Common questions about chicken pox
Varicella – commonly called chicken pox – is a very contagious disease caused by a virus. In addition to causing an itchy and blistery rash, chicken pox can cause pneumonia (a severe lung infection) and swelling of the brain that can lead to convulsions, deafness and brain damage.
Chicken pox is caused by a virus. Chicken pox is easily spread through the air when an infected person coughs or sneezes, or through contact with an infected person’s saliva or blisters of their rash. You child does not need to be in direct contact with an infected person to be at risk. Children who rub their eyes or mouths after they touch toys or other things that someone with chicken pox has handled can also become infected.
The first symptoms of chicken pox are usually a fever, lack of appetite, headache, cough and sore throat. One to two days after developing these first symptoms, an itchy, red spotted rash will appear. New red spots will appear daily for about five to seven days. The red spots typically go through a cycle of blistering, bursting, drying and scabbing over.
In addition to the very unpleasant itchy rash – which can cause permanent scarring – your child could develop pneumonia and swelling of the brain as a result of being infected with the chicken pox virus.
Sadly, unborn children are even at risk. Pregnant women exposed to chicken pox may give birth to babies with severe deformities.
The MMRV vaccine will prompt your child’s immune system to build antibodies that will protect – or “arm” – your child against varicella (chicken pox), as well as measles, mumps and rubella.
To be protected against chicken pox, your child needs multiple doses of the MMRV vaccine, at the ages and stages recommended in the routine schedule. Your child is recommended to receive the MMRV vaccine at 12 months of age, followed by a dose at four to six years of age (pre-school). Children who've had varicella disease before 12 months of age should still be immunized.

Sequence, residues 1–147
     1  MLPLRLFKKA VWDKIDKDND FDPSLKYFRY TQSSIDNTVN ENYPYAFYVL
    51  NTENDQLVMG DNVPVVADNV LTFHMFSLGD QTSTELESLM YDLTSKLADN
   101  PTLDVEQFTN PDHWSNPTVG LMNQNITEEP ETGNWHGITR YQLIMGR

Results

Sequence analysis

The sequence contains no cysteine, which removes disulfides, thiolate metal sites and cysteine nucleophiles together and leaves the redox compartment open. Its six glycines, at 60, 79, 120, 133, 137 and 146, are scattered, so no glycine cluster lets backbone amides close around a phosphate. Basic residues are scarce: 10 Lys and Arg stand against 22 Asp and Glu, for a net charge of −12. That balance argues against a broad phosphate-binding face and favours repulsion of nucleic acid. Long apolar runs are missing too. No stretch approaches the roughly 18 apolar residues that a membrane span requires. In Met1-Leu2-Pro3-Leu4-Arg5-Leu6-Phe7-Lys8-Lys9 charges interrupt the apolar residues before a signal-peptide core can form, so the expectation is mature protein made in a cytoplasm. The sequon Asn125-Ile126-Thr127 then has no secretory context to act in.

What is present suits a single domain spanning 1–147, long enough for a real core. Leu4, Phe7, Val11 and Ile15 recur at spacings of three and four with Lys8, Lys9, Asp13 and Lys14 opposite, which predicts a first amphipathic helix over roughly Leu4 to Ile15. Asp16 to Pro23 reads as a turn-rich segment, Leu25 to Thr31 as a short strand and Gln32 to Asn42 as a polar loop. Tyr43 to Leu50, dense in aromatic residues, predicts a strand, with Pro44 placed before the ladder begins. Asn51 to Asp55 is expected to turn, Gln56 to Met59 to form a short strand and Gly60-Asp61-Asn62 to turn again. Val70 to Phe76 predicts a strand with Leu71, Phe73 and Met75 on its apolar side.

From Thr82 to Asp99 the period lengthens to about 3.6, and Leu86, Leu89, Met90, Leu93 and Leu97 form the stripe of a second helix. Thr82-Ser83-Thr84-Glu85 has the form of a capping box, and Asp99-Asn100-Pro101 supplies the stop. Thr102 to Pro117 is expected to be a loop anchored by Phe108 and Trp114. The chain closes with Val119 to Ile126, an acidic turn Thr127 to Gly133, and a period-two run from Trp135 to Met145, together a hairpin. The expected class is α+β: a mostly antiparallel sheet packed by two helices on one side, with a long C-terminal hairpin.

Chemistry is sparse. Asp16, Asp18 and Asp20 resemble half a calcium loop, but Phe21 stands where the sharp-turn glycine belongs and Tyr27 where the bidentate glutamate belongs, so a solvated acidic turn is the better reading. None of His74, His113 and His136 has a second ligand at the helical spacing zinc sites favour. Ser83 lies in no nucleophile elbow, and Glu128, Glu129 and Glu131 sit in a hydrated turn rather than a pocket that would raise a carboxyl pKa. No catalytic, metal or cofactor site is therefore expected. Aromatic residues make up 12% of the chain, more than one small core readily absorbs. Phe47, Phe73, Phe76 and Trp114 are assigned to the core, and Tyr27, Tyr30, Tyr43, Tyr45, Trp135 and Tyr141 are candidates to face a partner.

Your child may have redness, swelling and soreness where the needle was given. These side effects will be temporary, lasting for only one or two days. Four to 12 days after getting the immunization, your child may also develop a slight fever, a red blotchy rash and/or small blisters. These side effects are also temporary. For tips on managing side effects after immunization, click here.
No, vaccines do not cause autism. Research has found no link between vaccine and autism. You may have heard about Andrew Wakefield, a British surgeon who suggested a link between autism and vaccine. What you may not have heard is that the research he published was found to be false, and Wakefield had his medical licence taken away because of this. In January 2010, Britain’s statutory tribunal of the General Medical Council found Wakefield guilty of four counts of dishonesty and 12 counts involving the abuse of developmentally challenged children, as it pertained to his false research on autism.